Correspondent Roger Renstrom gathered these items at the Wilson Forum on Existing and Potential Applications of Composite Mater-ials in the Infrastructure, held March 11-12 in Burlingame, Calif. Fiber Technologies Inc. is ramping up production of fiber-reinforced-plastic, glued, laminated wood beams, known as FRP glulams, at plants in Drain and Swisshome, Ore.
Two business units of Akzo Nobel NV supply materials used to reinforce the beams, according to Leslie Cooke, who joined Fiber Technologies in September as technical director. The Fortafil Fibers Inc. unit of Knoxville, Tenn., supplies carbon fibers, and the Akzo Nobel Fibers Inc. unit in Conyers, Ga., supplies aramid fibers.
For a tension-only beam, the fiber-reinforced composite is sandwiched between the two lowest wood laminates in a glued stack.
If increased compression properties are needed, additional carbon fiber may be added between the two highest laminates. A FRP glulam beam can be 25-35 percent narrower than a regular glulam and carry the same load.
In October, the International Conference of Building Officials approved the technology, which Dan Tingley of Wood Science and Technology Institute in Corvallis, Ore., developed and licensed to Fiber Technologies. Oregon State University, also in Corvallis, tested and analyzed the technology during four years.
Western Wood Structures Inc. of Tualatin, Ore., developed proprietary design software that allows a contractor or distributor to custom design structural properties to meet loading requirements of an FRP glulam beam.
Hexcel Fyfe retrofits college parking deck
In a seismic retrofit program, Hexcel Fyfe Co. is wrapping carbon fiber on 176 rectangular columns in a five-level parking garage at San Francisco State University.
The $350,000 project in San Francisco began in mid-February and will be completed in April, according to Edward Fyfe, president. Amoco Corp.'s Performance Products unit supplied standard polyacrylonitrile-based carbon fiber for the job.
Earlier, Hexcel Fyfe wrapped glass fiber on columns of the second of three parking garage retrofit projects at San Diego State University. In the first garage, another contractor assembled a steel cage around each column and pumped Shotcrete into a reinforcement jacket. A third contract awaits funding.
Hexcel Fyfe Co. of San Diego is a joint venture of structural material supplier Hexcel Corp. of Pleasanton, Calif., and system provider Fyfe Associates in Del Mar, Calif.
Diab Group features bulking mat, panel
Diab Group displayed its new Pro-Matt print barrier/bulking mat and Pro-Balsa panel.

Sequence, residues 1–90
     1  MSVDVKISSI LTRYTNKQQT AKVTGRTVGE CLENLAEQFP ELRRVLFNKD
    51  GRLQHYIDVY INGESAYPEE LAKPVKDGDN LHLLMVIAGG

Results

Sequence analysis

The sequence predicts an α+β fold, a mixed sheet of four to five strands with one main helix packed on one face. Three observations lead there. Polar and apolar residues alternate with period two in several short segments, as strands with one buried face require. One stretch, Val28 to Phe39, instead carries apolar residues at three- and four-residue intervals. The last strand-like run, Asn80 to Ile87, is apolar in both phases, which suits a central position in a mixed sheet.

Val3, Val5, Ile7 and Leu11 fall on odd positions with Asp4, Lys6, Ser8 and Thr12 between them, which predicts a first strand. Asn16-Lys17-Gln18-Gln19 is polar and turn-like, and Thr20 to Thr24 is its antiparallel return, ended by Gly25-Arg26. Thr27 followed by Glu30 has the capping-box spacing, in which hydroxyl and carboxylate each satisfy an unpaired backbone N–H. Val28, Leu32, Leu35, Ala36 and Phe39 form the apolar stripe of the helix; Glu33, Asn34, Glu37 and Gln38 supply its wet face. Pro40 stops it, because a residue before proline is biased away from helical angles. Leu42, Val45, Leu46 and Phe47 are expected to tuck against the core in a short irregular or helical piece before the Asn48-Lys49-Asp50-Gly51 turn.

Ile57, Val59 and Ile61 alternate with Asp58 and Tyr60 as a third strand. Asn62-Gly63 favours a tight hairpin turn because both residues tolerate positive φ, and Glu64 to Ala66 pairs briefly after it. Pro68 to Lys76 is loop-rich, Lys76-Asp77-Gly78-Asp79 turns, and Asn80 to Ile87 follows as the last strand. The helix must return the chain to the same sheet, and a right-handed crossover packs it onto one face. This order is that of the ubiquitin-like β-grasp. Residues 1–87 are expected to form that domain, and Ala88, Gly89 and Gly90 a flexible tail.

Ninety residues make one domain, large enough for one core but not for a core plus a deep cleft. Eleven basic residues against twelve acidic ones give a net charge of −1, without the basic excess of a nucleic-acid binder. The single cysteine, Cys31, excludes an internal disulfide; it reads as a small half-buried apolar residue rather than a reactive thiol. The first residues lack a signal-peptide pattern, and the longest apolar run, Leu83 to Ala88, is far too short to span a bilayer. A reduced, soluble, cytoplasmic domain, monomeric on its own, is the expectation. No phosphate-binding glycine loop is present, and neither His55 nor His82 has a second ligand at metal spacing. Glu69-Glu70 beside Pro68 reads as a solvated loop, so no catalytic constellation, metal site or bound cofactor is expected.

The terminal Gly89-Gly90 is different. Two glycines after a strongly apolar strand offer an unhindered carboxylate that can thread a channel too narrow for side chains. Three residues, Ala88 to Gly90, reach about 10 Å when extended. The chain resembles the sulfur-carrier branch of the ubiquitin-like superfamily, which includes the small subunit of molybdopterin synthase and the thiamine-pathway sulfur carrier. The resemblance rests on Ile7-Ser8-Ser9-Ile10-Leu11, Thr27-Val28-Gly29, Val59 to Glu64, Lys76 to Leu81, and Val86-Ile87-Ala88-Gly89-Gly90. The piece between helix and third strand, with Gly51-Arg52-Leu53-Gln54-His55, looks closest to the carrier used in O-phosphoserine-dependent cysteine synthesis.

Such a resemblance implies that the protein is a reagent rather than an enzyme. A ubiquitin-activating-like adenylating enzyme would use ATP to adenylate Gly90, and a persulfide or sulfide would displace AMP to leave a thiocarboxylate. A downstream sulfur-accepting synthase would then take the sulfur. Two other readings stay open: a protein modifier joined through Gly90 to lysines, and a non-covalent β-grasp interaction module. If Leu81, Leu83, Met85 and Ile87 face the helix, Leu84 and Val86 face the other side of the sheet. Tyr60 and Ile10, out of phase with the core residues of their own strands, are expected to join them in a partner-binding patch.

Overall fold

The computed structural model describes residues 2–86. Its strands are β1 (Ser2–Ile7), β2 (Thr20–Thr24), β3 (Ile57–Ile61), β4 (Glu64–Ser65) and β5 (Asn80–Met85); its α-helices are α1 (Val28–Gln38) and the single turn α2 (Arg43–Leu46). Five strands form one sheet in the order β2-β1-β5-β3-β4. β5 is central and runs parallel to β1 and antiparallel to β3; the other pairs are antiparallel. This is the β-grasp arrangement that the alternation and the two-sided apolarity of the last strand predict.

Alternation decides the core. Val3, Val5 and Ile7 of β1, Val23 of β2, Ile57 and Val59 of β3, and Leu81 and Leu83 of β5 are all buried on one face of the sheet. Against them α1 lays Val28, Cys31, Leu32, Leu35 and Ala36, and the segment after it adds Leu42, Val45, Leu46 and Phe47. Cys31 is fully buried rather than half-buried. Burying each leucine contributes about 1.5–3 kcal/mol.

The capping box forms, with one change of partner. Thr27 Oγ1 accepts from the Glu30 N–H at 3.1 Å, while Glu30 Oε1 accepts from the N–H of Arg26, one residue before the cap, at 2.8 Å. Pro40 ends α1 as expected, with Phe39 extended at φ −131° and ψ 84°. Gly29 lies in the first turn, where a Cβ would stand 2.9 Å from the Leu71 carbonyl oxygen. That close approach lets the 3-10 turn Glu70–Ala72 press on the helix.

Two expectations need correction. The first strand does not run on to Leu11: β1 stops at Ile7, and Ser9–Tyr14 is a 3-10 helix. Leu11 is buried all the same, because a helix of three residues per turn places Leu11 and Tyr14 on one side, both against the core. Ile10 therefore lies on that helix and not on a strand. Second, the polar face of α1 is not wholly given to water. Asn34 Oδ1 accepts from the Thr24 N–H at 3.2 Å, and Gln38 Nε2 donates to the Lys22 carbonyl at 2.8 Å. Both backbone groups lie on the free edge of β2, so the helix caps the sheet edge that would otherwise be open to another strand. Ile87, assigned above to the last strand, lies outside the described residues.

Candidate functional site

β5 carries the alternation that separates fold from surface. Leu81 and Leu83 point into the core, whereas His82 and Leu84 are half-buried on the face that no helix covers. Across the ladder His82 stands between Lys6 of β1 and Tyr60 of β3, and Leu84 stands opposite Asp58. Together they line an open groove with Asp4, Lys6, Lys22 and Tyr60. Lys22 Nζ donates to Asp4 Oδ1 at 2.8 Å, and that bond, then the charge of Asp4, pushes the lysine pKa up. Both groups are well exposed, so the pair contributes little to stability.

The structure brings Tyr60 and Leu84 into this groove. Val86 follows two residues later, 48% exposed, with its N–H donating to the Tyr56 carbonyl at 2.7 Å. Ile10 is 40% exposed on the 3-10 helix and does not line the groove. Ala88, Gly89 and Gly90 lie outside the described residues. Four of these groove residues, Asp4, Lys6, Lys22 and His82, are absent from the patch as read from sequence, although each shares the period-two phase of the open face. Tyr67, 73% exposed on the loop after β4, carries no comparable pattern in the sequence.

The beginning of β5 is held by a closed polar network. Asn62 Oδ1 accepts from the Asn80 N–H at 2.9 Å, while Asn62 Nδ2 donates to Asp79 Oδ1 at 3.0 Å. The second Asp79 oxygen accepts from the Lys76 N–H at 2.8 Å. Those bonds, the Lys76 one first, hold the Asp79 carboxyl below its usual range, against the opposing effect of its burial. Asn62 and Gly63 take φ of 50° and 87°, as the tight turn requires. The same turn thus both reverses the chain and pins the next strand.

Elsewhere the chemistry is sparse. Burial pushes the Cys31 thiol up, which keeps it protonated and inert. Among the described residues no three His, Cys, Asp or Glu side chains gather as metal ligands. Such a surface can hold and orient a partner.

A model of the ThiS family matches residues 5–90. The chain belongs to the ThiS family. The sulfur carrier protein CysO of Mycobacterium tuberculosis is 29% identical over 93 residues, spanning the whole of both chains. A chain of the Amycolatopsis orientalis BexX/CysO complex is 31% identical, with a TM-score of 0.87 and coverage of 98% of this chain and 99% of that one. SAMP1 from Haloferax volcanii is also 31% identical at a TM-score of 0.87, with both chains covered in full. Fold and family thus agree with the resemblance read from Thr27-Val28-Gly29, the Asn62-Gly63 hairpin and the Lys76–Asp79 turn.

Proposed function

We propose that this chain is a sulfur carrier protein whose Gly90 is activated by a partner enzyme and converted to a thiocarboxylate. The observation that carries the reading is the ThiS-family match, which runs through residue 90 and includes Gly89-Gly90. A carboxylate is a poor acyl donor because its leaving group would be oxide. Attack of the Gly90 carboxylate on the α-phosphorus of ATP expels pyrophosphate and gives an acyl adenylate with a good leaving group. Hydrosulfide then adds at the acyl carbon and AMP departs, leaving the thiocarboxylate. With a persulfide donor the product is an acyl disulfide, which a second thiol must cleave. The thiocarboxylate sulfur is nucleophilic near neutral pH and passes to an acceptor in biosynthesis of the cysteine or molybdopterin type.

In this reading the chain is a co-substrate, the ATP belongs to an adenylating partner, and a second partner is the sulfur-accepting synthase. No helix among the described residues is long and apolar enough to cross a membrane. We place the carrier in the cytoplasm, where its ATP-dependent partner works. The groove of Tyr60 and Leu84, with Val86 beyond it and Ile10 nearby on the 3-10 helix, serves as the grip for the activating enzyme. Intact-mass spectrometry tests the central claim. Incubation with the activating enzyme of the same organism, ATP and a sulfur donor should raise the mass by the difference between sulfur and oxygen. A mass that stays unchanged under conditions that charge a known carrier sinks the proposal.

The spun-glass mat of thermoplastic microspheres creates a sandwich composite when saturated with resin and placed between a skin coat and laminate. The mat's print barrier can help a gelcoat surface look like a Class A finish. The XG type, a glass-fiber veil, behaves like chopped-strand mat and conforms to complex curves. The XP type, a mat made with randomly laid polyester fibers, has stronger pre-wet strength while retaining the XG characteristics.
David Reed, San Diego-based regional sales manager, said the 4-by-8-foot panels, which will be available this spring, have a balsawood core and a skin of 18-ounce knitted fiberglass fabric and polyester resin. The panels in thicknesses of one-half, three-fourths and 1 inch, will be marketed for transportation applications including bus floors, and boat floors and bulkheads.
Diab Group has its U.S. subsidiary in DeSoto, Texas, and corporate office in Laholm, Sweden.
Blanket maker aims for commercial sales
Benchmark Thermal Corp. exhibited its flexible heating blankets in an effort to expand into the commercial market, particularly for infrastructure uses.
As a full-line manufacturer of heaters, Benchmark supplies blankets, radiant panels, cartridge heaters and air process heaters, principally for the aerospace market, said President Gil Mathew. The blankets range in size from 6 by 6 inches to 36 by 55 inches and can be used to control curing of advanced composites.
Benchmark, in Grass Valley, Calif., employs 55.
California consortium plans to incorporate
A new California-based consortium of contractors, material suppliers, military and government agency officials and university researchers is seeking to complete incorporation this spring, according to Brian Wilson, president of Wilson Composite Group Inc., a consulting firm in Folsom, Calif.
Known as Comstruct, the consortium aims to unify makers of fiber and resin systems and increase uses of polymers and advanced composites across a broad base of civil engineering applications.